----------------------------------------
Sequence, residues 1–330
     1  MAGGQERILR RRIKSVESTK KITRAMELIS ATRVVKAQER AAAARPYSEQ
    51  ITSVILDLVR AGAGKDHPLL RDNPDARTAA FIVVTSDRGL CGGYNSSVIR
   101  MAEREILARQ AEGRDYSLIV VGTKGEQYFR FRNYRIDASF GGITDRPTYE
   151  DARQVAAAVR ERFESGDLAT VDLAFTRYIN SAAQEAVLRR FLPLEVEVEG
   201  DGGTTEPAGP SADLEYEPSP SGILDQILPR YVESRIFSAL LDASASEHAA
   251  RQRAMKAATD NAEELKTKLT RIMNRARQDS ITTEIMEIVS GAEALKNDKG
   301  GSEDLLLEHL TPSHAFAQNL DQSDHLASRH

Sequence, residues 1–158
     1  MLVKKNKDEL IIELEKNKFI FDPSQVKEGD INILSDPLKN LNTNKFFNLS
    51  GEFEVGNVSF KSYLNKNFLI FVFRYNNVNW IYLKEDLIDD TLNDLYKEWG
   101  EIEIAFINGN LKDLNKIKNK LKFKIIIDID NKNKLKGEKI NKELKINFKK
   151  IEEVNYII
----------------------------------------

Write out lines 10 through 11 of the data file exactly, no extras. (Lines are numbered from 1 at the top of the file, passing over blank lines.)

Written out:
     1  MLVKKNKDEL IIELEKNKFI FDPSQVKEGD INILSDPLKN LNTNKFFNLS
    51  GEFEVGNVSF KSYLNKNFLI FVFRYNNVNW IYLKEDLIDD TLNDLYKEWG